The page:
1 place de la Concorde, Paris, France
May 24–September 25, 2011

Claude Cahun, born Lucy Renée Mathilde Schwob, was a vanguard French artist interested in bending the social perception of gender. Her androgynous photographic self-portraits from the 1920s not only fluctuated fluidly between male and female personae, they also presented innovative visual techniques like staging and montage. Although she was affiliated with the Surrealists in the 1930s, her theatrical emphasis on exposing predesigned assumptions about contemporary women inflamed their confrontations with reality. Despite this antagonism, Cahun’s photocollages and slew of writings—much of which is on display at Jeu de Paume—contributed to the momentum of the movement. Performance is inescapable in her photographs, which underscores her influence on photographers such as Cindy Sherman and Nan Goldin. This exhibition—the first large-scale presentation of her work in her native France in sixteen years—will travel to the Art Institute of Chicago and La Virreina Centre de la Imatge in Barcelona during 2011–12.

Guerrilla Girls Erase Discrimination

Guerrilla Girls, Erase Discrimination, 1999, ink on rubber, 1⅛ x 2½ x ¼ in. each. Collection of the Akron Museum of Art (artwork © Guerrilla Girls; photograph provided by the National Museum of Women in the Arts)

The Guerrilla Girls Talk Back
National Museum of Women in the Arts
1250 New York Avenue NW, Washington DC 20005

June 17–October 17, 2011

Since 1985 the legendary, gorilla-masked feminist collective the Guerrilla Girls have, in their own words, been “fighting discrimination with facts, humor, and fake fur.” The National Museum of Women in the Arts is celebrating more than twenty-five years of the group’s “guerrilla tactics” in fighting sexism and racism in the art world with the exhibition The Guerrilla Girls Talk Back. The show includes examples and documentation of the anonymous collective’s posters, stickers, billboards, books, and performances, which combine snarky satire with disturbing statistics to demonstrate the institutional exclusion of women and artists of color from both art history and contemporary art exhibitions.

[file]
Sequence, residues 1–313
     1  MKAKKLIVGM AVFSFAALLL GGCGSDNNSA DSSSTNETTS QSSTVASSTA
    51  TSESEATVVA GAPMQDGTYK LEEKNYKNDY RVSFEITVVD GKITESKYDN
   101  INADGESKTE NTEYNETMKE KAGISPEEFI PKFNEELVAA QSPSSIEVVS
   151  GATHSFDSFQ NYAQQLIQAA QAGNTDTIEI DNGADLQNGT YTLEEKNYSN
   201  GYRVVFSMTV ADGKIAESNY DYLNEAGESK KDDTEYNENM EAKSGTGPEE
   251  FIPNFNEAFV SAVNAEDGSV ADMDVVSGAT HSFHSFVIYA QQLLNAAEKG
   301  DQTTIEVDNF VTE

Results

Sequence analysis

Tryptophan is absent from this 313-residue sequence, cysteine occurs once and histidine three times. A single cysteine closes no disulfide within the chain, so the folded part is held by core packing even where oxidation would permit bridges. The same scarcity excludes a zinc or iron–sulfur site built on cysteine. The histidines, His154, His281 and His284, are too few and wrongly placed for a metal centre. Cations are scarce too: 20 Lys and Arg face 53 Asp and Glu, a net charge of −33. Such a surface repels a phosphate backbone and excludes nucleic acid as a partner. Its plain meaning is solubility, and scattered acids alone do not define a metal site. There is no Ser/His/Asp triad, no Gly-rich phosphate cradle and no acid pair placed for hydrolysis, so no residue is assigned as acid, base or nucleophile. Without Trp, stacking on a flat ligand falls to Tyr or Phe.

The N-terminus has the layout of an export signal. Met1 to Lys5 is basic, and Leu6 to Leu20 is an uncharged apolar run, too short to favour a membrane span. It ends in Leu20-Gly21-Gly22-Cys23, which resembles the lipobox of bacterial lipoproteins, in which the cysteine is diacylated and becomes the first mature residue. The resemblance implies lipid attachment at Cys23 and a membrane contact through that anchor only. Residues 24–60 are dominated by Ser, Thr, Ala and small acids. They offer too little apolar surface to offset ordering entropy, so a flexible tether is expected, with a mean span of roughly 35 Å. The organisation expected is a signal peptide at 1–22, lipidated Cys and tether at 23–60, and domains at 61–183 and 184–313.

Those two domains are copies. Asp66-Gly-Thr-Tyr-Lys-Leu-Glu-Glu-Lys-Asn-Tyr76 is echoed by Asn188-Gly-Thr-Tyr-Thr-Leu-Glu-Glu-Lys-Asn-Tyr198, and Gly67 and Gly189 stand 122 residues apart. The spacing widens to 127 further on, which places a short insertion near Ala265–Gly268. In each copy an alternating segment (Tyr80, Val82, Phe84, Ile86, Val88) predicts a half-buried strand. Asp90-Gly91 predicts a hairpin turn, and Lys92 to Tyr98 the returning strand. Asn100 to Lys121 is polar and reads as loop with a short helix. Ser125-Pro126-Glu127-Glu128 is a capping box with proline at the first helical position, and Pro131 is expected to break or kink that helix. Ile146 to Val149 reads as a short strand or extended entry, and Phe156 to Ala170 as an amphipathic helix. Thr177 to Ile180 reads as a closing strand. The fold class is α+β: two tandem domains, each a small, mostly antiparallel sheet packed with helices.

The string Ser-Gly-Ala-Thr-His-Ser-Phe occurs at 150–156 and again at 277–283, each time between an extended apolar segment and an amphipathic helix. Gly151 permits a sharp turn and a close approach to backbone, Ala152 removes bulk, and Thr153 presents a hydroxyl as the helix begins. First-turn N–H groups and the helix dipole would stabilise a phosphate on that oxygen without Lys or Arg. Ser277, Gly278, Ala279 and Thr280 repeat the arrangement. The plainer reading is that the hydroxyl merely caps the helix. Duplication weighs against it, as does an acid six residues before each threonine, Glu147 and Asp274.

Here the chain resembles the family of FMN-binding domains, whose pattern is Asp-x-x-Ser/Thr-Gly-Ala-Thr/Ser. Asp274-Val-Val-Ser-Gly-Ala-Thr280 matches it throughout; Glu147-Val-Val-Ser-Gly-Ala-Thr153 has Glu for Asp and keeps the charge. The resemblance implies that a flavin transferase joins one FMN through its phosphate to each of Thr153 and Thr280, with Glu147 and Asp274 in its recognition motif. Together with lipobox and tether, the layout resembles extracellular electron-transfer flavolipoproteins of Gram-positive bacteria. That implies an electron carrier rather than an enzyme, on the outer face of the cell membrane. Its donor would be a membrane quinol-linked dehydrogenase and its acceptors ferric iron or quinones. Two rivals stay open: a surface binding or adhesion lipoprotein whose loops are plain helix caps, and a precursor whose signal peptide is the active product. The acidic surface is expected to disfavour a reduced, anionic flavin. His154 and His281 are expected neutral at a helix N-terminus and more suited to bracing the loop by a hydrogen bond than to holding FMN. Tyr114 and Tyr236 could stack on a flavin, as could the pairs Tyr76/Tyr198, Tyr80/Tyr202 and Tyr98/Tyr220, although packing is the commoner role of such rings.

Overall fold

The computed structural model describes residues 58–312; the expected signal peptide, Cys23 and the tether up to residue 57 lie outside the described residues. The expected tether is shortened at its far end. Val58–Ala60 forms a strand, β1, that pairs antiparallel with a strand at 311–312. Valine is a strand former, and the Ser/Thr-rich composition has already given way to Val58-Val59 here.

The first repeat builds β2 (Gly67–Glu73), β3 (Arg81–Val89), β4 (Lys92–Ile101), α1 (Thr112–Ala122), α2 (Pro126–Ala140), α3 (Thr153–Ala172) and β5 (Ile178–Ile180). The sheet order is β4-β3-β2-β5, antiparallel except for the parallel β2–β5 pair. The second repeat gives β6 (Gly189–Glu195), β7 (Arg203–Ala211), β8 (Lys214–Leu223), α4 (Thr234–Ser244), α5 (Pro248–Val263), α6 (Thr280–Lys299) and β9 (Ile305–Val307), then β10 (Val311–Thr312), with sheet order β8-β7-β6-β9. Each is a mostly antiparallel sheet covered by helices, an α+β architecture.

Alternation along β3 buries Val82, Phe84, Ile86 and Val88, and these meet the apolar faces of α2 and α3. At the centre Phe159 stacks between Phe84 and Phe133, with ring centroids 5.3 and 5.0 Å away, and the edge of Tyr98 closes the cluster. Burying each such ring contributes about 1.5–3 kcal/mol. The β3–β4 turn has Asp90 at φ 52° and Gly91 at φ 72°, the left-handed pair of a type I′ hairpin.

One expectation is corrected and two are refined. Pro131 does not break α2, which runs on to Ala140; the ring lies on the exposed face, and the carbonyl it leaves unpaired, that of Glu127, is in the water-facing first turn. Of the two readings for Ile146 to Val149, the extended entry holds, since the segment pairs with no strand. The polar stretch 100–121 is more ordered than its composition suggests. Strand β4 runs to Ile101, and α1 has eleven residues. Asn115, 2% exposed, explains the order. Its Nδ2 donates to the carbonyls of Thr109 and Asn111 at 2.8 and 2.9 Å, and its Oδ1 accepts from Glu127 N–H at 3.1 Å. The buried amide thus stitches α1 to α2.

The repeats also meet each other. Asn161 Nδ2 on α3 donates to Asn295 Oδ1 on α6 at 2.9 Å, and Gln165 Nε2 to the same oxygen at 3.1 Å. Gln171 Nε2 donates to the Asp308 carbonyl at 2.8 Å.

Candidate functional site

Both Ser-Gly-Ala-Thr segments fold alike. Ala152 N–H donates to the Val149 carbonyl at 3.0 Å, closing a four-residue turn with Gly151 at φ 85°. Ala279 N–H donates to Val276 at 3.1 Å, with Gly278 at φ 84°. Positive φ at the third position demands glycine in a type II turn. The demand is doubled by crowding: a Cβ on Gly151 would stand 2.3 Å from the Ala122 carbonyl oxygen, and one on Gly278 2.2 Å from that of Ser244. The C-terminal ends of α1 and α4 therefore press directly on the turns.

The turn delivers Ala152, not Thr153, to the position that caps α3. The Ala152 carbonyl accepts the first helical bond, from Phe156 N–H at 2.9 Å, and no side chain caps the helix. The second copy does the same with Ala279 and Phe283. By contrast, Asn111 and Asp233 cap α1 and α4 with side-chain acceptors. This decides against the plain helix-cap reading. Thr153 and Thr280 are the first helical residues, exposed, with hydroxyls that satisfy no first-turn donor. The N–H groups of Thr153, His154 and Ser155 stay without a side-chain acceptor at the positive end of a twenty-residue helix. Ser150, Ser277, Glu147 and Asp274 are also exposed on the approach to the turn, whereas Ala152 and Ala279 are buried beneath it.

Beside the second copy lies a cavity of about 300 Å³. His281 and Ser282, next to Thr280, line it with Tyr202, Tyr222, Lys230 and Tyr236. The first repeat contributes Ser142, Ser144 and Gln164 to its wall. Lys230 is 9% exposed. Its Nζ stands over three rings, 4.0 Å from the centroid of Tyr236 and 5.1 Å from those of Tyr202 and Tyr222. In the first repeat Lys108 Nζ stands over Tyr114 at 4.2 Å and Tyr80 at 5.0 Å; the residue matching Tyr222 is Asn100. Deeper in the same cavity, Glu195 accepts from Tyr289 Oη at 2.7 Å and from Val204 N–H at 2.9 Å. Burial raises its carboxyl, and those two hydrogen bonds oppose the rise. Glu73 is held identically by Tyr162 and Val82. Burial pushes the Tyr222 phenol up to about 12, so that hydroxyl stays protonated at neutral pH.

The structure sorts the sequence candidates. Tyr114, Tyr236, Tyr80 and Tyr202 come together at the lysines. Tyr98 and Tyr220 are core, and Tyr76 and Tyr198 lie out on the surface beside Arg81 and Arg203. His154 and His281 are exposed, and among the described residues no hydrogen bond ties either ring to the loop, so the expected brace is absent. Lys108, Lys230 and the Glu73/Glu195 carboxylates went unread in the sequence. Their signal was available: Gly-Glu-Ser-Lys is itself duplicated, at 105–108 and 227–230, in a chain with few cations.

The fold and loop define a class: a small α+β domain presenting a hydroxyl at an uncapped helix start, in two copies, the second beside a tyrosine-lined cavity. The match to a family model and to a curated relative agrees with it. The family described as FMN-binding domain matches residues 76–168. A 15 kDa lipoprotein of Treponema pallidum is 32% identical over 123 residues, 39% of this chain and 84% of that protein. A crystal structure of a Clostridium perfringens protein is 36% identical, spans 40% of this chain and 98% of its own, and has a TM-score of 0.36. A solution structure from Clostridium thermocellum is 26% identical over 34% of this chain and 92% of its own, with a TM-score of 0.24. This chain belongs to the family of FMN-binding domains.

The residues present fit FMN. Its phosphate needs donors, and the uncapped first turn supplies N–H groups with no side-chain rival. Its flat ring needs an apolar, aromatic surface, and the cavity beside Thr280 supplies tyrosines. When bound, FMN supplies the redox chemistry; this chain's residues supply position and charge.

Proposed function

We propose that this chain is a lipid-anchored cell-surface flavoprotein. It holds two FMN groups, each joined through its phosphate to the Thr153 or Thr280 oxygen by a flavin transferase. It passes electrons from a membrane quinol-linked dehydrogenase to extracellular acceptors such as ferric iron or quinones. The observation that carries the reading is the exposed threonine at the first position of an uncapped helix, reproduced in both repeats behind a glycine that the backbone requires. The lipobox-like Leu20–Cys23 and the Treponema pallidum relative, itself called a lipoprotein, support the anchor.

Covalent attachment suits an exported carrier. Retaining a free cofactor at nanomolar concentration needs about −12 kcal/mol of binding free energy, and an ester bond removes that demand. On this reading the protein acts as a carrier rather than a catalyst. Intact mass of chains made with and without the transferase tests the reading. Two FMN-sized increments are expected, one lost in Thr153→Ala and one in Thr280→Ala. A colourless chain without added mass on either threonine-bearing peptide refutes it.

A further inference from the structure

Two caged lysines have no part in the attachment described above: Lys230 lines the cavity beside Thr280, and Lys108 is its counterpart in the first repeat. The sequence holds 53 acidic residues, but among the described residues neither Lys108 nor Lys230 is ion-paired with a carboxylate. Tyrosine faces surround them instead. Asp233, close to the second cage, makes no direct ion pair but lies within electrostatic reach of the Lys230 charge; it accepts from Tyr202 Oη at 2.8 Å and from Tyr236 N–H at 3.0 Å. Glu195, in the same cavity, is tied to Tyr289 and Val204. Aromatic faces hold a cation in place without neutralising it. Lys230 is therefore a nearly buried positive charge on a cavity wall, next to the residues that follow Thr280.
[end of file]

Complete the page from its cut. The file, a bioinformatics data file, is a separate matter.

Modern Women: Single Channel
MoMA PS1
22-25 Jackson Avenue, Long Island City, NY 11101
January 23–August 8, 2011

Alexandra Schwartz, curator of contemporary art at the Montclair Art Museum, gathered this group of single-channel videos by eleven female artists from the Museum of Modern Art’s permanent collection. Spanning from the 1960s to the late 1990s, the international selection offers the technical experiments of artists such as Pipilotti Rist and Kristin Lucas as well as conceptually groundbreaking precedents set by Joan Jonas and VALIE EXPORT. As a whole, the exhibition challenges the limitations of narrative, documentation, and popular culture. Although gender and sexuality are imminant concepts in the work, Modern Women: Single Channel emphasizes how the female gaze has evolved over the last forty years in the singular medium of video.

Ruth Gruber

Ruth Gruber, Children playing chess aboard the Henry Gibbins, 1944 (artwork © Ruth Gruber; photograph provided by the International Center of Photography)

Ruth Gruber, Photojournalist
International Center of Photography
1133 Avenue of the Americas, New York, NY 10036
May 20–August 28, 2011

The Brooklyn-born Ruth Gruber is a famed photojournalist who began her career in the Soviet Arctic and Siberian Gulag in 1935. She continued to conquer unchartered territory in Alaska, capturing some of the first color images of the terrain and its natives in the early 1940s. Gruber activated her humanitarian inklings during World War II, documenting the migration of one thousand Jewish refugees to the United States from Europe in 1944 and later recording the difficulties of Jewish emigration into Palestine. The exhibition will include never-before-seen color photographs and vintage prints as well as contemporary prints from original negatives taken from Gruber’s personal archives.

Filed under: CWA Picks, Uncategorized — Tags: